The term “soft skills” has always been somewhat of an oxymoron, as these skills are arguably the hardest to attain. The most sought-after professional capabilities in just about any industry—problem-solving, leadership, critical thinking, and personal skills like teamwork, flexibility, adaptability, and creativity—are hard to measure and even harder to teach.
That’s why this misnomer has been given a new name: durable skills.
They’re desired everywhere. An analysis of 82 million job postings conducted last year by America Succeeds reveals that 7 of the 10 most requested skills are durable skills. The report goes on to say that “employers seek durable skills … 3.8x more frequently than the top 5 technical or hard skills” in every location, every industry sector, and every educational attainment level.
“Skills aren’t soft or hard[;] they’re durable or perishable.” –Matthew J. Daniel, Guild Education
On top of that, durable skills have staying power (as their name suggests). Research shows that the half-life of a learned skill is 5 years, while the more technical skills start to fade at half of that. Bottom line: skills like programming or digital media will never remain current. That doesn’t mean they should be avoided or relegated, but it does mean that they can’t be the only talents in a person’s career arsenal. Due to the very nature of progress, they will never be able to keep up with constant industry changes, forever requiring periodic updates to stay abreast. Meanwhile, durable skills like critical thinking, collaboration and communication will never go out of style—no matter the profession nor the year. Take the cybersecurity sector, for example—arguably one of the most consistently transformative—those particular soft skills have become known as the “Three Soft C’s” … and considered by some the best defense against cyber attacks.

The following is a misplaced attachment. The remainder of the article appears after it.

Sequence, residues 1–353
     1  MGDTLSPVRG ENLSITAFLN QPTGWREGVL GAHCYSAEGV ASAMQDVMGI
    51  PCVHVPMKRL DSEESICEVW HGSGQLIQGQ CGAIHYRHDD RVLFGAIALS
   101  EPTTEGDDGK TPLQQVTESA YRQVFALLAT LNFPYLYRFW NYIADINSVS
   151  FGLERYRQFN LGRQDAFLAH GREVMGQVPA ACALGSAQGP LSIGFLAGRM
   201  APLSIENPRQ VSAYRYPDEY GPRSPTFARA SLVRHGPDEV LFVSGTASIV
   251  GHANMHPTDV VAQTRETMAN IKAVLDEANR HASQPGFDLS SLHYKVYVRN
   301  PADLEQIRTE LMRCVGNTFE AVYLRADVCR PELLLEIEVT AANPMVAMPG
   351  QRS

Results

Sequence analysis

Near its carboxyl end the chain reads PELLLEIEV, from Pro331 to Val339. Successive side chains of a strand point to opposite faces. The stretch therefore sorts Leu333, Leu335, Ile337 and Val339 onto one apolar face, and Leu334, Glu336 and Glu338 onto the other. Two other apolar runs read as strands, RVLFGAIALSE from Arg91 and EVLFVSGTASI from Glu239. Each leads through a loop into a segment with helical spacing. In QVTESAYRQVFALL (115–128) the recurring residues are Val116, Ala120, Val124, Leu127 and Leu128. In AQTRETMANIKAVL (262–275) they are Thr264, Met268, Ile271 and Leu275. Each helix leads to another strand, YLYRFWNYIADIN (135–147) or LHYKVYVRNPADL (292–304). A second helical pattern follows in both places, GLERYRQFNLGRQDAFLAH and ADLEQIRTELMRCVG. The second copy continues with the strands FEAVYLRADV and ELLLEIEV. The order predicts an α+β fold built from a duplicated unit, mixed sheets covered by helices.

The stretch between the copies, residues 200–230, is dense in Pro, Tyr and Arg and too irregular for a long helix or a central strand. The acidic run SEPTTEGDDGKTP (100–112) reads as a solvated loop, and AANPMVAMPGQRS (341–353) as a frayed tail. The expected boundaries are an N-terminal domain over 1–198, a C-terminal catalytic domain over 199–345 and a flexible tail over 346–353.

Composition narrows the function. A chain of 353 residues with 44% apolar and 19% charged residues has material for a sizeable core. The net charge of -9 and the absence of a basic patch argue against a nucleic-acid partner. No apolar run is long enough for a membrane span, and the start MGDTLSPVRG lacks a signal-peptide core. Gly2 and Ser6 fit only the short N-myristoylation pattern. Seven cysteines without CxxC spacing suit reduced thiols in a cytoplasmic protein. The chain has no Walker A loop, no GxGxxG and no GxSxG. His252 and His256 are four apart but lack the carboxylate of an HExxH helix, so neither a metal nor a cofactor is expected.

America Succeeds explains that their 2021 market insights “clearly demonstrate workforce demand for durable skills.” The pandemic has underscored the importance of students’ development of soft skills in addition to academic knowledge and technical skills. An emphasis on durable skills will continue to strengthen our workforce and society, especially as technology rapidly innovates yet continually fails to emulate humanity’s dynamic capacity to feel and respond. As Forbes indicates in a recent article, machines still can’t replace “human” skills.
Now—more than ever—we need complex communication skills that enable us to work with individuals from diverse cultural and lingual backgrounds. We need acknowledgment of and appreciation for diversity in all its forms. We need awareness of talent, skills, and interests. We need the ability to find purpose, recognize talents, set goals, and proactively seek opportunities to pursue those ambitions. All of these skills represent a human-to-human aptitude, and that’s because durable skills are the skills “that technology cannot displace,” the ones that are “critical to creating positive work environments.” These are skills that are truly built to last.
What durable skill do you value most in your employees?